Ellis Island – The Lost Mural & Portraits of Famous Immigrants

Hidden away in the immigrants’ dining hall of Ellis Island from 1938-1954 was a 190-foot long mural created as part of the Works Progress Administration, entitled “The Role of the Immigrant in the Industrial Development of America.” The dining hall was a place never visited by the public, but millions of immigrants to this country passed through its doors over the years and sat beneath the artistic scenes left by mural creator Edward Laning.

In 2003, artist and muralist Andrew Sabori and his wife visited Ellis Island while tracing his family history and stumbled upon a small photograph of the original mural as part of the exhibit about Ellis Island. None of the staff was able to tell them about the mural, prompting the Saboris to begin a research project that would take them to Princeton, Julliard, the Smithsonian, the Library of Congress, and even to visit the original artist’s widow looking for more information.

In 2008, after several years of research and finally finding photographs of the mural and even a few surviving sections in a Brooklyn courthouse, the Saboris decided to reproduce the mural on a smaller scale as an educational tool for students. And that’s just what they did – creating 19 sections that total 90 feet in length. The recreated mural has been exhibited in a number of locations since 2008, including its’ last stop at the National Archives in Atlanta, Georgia.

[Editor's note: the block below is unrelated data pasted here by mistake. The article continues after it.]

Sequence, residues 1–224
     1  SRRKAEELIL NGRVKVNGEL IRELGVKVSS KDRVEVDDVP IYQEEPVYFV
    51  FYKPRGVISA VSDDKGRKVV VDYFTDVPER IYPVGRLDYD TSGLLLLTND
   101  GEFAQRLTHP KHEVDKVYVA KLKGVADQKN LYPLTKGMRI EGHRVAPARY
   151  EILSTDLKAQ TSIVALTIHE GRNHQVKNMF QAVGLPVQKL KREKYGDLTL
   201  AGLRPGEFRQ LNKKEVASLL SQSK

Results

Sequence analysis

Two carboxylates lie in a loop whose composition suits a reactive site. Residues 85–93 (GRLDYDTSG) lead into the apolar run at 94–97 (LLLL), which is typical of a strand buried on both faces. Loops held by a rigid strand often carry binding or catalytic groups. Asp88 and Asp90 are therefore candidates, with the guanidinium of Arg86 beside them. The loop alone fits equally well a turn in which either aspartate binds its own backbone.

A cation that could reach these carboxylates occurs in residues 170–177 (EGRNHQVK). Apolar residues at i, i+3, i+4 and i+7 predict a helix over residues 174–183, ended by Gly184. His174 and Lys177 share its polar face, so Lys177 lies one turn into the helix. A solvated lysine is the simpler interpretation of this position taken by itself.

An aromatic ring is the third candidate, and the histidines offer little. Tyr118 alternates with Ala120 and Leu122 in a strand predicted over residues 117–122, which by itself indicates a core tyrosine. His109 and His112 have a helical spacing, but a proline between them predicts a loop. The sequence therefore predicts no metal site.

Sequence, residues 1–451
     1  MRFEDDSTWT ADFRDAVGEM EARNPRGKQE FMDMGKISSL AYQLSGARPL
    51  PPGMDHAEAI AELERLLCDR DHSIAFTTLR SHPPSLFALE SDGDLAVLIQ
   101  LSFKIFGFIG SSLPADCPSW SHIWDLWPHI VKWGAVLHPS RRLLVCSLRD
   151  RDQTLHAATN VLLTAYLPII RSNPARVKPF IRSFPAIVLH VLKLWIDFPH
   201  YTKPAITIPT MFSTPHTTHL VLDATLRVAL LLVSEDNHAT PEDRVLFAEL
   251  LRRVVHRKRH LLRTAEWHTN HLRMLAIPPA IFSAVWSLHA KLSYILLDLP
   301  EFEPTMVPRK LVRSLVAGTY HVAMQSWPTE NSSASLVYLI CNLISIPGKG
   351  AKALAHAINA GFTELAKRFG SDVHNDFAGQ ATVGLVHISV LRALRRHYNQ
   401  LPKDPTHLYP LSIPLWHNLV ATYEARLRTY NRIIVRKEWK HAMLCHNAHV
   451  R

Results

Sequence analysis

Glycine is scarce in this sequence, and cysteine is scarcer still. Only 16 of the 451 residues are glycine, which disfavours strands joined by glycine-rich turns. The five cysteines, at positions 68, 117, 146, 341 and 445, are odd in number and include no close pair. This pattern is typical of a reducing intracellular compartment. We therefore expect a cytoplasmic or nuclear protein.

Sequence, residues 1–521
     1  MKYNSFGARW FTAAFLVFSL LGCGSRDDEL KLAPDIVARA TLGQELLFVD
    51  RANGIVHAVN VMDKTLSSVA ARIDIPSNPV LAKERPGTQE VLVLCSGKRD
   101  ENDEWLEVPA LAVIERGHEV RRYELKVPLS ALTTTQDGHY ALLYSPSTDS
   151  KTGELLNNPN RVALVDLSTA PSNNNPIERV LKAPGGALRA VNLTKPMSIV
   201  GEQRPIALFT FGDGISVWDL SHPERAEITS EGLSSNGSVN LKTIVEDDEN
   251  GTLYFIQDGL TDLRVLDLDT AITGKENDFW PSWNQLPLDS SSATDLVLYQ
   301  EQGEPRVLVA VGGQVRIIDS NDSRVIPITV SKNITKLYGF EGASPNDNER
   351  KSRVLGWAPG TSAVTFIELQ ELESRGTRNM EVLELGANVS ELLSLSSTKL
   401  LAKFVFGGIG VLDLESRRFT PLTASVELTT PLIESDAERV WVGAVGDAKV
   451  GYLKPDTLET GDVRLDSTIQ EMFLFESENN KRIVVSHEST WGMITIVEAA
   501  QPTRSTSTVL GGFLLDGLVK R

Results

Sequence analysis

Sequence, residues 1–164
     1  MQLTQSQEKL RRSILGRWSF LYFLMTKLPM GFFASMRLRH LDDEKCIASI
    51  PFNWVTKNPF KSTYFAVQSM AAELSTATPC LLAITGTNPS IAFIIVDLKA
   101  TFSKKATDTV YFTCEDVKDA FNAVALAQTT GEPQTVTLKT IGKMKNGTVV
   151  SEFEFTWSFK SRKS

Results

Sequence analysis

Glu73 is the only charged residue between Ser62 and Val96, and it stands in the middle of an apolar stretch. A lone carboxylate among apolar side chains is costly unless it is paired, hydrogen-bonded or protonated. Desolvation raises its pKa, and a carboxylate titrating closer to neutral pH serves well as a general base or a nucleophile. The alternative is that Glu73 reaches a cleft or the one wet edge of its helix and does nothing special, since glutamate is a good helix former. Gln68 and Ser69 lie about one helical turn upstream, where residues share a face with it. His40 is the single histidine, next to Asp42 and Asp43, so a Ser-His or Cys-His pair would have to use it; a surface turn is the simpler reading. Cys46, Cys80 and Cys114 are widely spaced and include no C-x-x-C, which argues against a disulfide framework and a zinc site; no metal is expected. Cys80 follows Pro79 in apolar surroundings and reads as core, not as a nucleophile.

Famous Immigrants:

The exhibit also includes portraits of famous immigrants and immigration documents from the holdings of the National Archives. Featured immigrants include Alfred Hitchcock, Greta Garbo, Albert Einstein, Stan Laurel, Greta Garbo, Harry Houdini, Enrico Fermi, Desi Arnaz, Irving Berlin, Charlie Chaplin, Alexander Graham Bell and Rudolph Valentino.

About the Artist:

Andrew was born in San Jose, CA and grew up in San Francisco in the 1950’s and 1960’s He started painting at a young age and now has a portfolio of paintings and murals done over the past 45 years, many of them depicting famous people, places and things. Some include rock stars, actors and sports figures as well as Mexican and Italian scenes, railroads and a baseball stadium.

In his early years he did posters for the Fillmore West in San Francisco of rock groups such as the Grateful Dead, Jefferson Airplane, Big Brother & the Holding Co. and Credence Clearwater Revival as well as the original Chili’s Restaurant and Joe DiMaggio’s restaurant.

Visit the artist’s website: andrew-sabori.com